All The Doctor Stranges In The Multiverse, Power Ranked
This week we told you about Doctor Strange's forgotten 1978 TV movie where he has a pornstache and he earns it, but that's not the only Strange variant out there in the multiverse. Dr. Stephen "Doctor" Strange has been inspiring homages and ripoffs for decades, since long before he even got his own actual theatrical film. Given that the new movie involves visiting alternate realities, let us take a tour of our own across the various ersatz Doctor ... Stranges? Doctors Strange? Let's go with Doctors Stranges. Anyway, we've ranked them by how likely we think they are to go messing around in the multiverse ... of madness! (Yeah, we just wanted to throw the name of the movie in there real quick.)
Doctor Orpheus (The Venture Bros.)
Dr. Byron Orpheus is the powerful necromancer who serves as the Venture family's go-to mystical expert and occasional teenagesitter, since he rents out a place at the Venture Compound.
Despite his melodramatic tone of voice, Orpheus is actually a pretty chill guy who always steps up when his friends need him and who deeply cares for his goth daughter. He is both a better hero and a better dad than the show's protagonist, Rusty Venture. Plus, he's considerate enough to warn others when they should wait a while before entering a restroom he just used, which Rusty would never do.
Multiversal Madness™ Ranking: 1. Orpheus has never been one to trifle with multiversal forces, other than putting a portal to a hell dimension in his daughter's closet (but who hasn't?).
Doctor Mordrid (Doctor Mordrid)
No, not Michael "I am a doctor" Morbius. We're talking about Mordrid, which is what happens when a B-movie producer loses the rights to make a Doctor Strange movie but decides to go ahead with it anyway. Mordrid is pretty much Doctor Strange minus the doctorate and facial hair.
Mordrid was sent to Earth from a wizard dimension to stop his childhood friend from opening a gate to Hell. He ends up impaling said friend with a stop motion dinosaur in a sequence Sam Raimi probably wishes he could get away with inside a Disney movie:
Multiversal Madness™ Ranking: 1. We know he can traverse dimensions since he comes from another one, but he seems far too responsible to do it. Spider-Man: No Way Home would have lasted 20 minutes with this guy.
Ducktor Strange (Howard the Duck)
Yep, that's a thing. Dr. Simon Strange was a famed veterinarian in the duck-ruled world Howard the Duck comes from until he became a Mallard of the Mystic Arts and decided to spend several years "communing with the spirits." Meaning getting duckfaced drunk. He once helped Howard and his human girlfriend get back to Earth from Duckworld, and, years later, repeated the trick for another human who doesn't even have sex with ducks.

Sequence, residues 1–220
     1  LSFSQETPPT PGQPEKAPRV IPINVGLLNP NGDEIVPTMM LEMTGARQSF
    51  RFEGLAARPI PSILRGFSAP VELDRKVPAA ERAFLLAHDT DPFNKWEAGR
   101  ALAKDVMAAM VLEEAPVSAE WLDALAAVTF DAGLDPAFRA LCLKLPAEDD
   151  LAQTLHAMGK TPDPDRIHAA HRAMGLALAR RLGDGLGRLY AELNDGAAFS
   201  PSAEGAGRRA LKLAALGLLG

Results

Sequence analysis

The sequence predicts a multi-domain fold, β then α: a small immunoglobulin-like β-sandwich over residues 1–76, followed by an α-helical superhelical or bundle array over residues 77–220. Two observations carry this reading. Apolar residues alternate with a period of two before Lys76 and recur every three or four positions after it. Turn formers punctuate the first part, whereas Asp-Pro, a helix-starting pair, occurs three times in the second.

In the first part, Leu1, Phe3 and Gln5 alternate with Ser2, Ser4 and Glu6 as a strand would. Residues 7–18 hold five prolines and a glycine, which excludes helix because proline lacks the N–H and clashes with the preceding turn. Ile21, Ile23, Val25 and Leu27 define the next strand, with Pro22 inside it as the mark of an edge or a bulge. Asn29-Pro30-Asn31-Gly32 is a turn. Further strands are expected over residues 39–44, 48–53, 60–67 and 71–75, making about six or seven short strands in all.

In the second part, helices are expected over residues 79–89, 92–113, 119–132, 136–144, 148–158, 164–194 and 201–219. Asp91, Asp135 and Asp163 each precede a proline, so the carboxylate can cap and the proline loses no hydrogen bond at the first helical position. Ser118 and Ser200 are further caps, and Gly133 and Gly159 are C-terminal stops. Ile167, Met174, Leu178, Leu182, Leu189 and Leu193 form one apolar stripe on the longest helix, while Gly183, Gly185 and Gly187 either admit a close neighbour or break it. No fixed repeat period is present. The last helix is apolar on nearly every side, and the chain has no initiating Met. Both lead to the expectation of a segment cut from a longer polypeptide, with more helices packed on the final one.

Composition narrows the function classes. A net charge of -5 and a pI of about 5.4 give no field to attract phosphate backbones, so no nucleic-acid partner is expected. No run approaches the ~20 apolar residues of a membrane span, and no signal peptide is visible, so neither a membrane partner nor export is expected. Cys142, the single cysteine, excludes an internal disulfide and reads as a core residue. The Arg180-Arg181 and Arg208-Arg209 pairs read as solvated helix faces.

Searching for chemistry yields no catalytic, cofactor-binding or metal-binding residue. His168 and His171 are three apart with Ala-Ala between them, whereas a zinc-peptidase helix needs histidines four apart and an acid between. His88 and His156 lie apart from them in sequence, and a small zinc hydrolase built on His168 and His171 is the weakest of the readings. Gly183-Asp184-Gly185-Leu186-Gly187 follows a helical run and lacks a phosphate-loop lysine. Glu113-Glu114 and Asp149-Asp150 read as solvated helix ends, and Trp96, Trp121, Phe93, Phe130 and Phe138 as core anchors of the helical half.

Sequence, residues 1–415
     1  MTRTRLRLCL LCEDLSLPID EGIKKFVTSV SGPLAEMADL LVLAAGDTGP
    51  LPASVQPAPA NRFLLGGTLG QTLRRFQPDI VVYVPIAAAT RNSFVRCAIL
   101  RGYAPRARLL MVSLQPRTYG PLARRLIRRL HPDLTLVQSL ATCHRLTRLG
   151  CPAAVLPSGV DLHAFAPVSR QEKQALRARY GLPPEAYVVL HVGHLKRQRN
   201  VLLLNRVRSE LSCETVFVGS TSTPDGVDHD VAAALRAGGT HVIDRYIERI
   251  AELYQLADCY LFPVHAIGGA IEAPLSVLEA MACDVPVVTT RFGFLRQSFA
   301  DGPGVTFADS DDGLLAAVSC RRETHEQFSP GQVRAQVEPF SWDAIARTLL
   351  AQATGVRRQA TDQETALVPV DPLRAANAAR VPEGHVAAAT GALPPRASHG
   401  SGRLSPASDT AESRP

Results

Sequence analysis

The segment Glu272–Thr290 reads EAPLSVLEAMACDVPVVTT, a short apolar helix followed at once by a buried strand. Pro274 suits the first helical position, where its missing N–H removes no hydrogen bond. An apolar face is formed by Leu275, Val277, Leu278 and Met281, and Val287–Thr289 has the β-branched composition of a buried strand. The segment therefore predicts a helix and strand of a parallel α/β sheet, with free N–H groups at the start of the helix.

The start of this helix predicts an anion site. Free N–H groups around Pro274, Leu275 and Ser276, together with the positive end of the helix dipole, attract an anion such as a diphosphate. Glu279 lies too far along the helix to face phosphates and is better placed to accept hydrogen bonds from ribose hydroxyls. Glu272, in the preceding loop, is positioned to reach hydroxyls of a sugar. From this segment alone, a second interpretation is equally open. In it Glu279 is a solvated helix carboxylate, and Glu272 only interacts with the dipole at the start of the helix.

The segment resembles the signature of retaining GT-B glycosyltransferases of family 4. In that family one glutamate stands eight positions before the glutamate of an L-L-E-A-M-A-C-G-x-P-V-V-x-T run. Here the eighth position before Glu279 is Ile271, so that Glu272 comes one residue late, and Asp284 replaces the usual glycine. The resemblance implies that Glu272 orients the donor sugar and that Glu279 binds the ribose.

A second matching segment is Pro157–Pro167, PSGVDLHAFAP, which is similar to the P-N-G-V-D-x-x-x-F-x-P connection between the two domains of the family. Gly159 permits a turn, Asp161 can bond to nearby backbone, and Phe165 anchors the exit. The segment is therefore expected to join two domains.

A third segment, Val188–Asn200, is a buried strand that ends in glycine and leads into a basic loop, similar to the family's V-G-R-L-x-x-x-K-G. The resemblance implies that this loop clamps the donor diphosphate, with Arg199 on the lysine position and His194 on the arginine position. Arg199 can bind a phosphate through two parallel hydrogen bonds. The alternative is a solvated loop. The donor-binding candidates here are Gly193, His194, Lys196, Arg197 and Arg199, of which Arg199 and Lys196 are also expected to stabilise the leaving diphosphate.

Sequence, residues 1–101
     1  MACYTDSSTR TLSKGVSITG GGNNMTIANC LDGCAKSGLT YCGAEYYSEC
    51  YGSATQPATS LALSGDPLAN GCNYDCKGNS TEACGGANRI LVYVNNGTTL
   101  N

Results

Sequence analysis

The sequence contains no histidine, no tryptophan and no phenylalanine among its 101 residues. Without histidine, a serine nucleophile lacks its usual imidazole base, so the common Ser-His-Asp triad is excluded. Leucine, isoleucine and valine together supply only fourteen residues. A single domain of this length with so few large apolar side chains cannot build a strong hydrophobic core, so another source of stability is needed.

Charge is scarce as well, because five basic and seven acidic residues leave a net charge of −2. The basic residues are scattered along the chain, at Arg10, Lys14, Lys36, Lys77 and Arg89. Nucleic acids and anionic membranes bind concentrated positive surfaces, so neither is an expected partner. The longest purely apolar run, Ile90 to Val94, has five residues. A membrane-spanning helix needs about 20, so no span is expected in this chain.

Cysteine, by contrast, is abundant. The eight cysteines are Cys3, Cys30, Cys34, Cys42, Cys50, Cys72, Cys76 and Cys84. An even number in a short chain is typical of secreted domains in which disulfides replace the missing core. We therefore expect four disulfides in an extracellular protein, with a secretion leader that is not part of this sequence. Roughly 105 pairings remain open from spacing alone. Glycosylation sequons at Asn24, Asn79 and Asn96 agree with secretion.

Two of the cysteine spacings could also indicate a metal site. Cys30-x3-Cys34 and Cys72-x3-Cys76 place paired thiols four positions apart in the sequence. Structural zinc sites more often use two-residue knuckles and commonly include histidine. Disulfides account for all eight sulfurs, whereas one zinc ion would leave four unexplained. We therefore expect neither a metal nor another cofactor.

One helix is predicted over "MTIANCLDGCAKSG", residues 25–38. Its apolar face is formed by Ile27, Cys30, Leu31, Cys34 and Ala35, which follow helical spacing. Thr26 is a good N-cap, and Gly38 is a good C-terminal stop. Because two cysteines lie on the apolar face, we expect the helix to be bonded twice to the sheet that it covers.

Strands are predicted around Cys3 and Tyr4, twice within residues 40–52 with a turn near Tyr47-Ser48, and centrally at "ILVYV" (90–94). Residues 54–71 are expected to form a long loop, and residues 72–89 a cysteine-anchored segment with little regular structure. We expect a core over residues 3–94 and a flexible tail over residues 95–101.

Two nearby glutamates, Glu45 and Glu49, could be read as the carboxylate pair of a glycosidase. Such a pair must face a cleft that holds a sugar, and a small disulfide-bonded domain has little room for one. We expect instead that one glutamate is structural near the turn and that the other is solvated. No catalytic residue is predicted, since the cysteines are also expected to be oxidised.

Multiversal Madness™ Ranking: 2. Despite his drinking problem, Ducktor Strange has only ever used his powers to send people back to their dimensions. Plus, he's unlikely to use his reality-hopping powers if he can't even remember he has them.
Plasmo the Mystic (The Simpsons Comics)
Plasmo the Mystic is a teammate of Bart Simpsons' favorite superhero, Radioactive Man, and the star of his own comic within the Simpsons-verse, Mystical Plasmo: The Mystic. He has mystic powers, in case that wasn't clear, and uses them to combat evil along with Cheech, the stoner version of Doctor Strange's Wong.
Plasmo has proved to be pretty reckless with his abilities, especially when it comes to multiversal travel. In one issue, he's accidentally responsible for the band Fall Out Boy crossing into his reality and making Fallout Boy miserable. Another time, he came up with the idea of replacing a dead teammate with a variant from another universe and ended up progressively replacing the entire team, with disastrous results.
Multiversal Madness™ Ranking: 3. Disney even owns this character now, so there's literally no excuse not to put him in Multiverse of Madness.
Doctor Strangefate (DC vs. Marvel)
Doctor Strangefate is a combination of Doctor Strange and DC's Doctor Fate created when their universes merged in the 1996 DC vs. Marvel crossover. Strangefate spends his entire comic trying to hunt down and kill the one character who can restore the two original universes since he's afraid his world will stop existing if that happens. When he fails, he takes off his helmet and we find out that he's also ... Professor X, for some reason?
Multiversal Madness™ Ranking: 4. Dude only exists because of multiversal #@$%ery and has no intention to fix it.
Rick Sanchez (Rick and Morty)
Upon doing research for this article (looking up "Doctor Strange ripoffs" on Bing.com), Rick Sanchez's name came up and it's hard to argue with that. Rick's technology is so advanced that it's indistinguishable from magic, plus there's this:
Multiversal Madness™ Ranking: 5. If we understand the multiverse as a collection of all possible realities, then Rick exists there and there's exactly a 0% chance he wouldn't be involved in a clusterfung of these proportions. Realistically, the movie should end with Strange finding out that all of the intra-dimensional chaos was due to Rick trying to make a machine that can untoast bread or something and being unceremoniously killed by the automatic defense systems at the Smith family's garage. Then Rick walks in, says "Ugh, another one," and throws Strange's corpse into a pile containing all of the characters we've mentioned so far. If the movie doesn't like that, clearly we live in an inferior timeline.
Top image: Warner Bros. Television Distribution, Full Moon Entertainment